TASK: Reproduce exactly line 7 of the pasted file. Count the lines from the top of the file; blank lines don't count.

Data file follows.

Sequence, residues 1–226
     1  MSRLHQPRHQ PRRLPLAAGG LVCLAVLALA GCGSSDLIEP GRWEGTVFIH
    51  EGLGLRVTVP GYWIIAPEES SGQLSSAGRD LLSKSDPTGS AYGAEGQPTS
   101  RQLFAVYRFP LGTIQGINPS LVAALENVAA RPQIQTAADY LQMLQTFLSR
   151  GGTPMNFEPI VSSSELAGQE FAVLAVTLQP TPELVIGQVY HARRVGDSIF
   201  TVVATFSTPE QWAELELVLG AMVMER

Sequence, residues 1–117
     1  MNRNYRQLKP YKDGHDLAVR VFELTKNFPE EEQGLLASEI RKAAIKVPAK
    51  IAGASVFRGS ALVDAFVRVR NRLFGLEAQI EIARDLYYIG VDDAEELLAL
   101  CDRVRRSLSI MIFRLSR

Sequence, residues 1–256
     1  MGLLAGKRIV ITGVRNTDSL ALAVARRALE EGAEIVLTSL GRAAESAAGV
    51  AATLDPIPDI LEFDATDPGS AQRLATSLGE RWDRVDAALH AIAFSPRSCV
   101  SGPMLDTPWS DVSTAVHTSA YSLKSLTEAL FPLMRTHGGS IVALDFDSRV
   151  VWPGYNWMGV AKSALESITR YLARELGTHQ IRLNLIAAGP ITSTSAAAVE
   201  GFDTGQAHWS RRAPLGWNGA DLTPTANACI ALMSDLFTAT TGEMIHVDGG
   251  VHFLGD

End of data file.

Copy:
Sequence, residues 1–117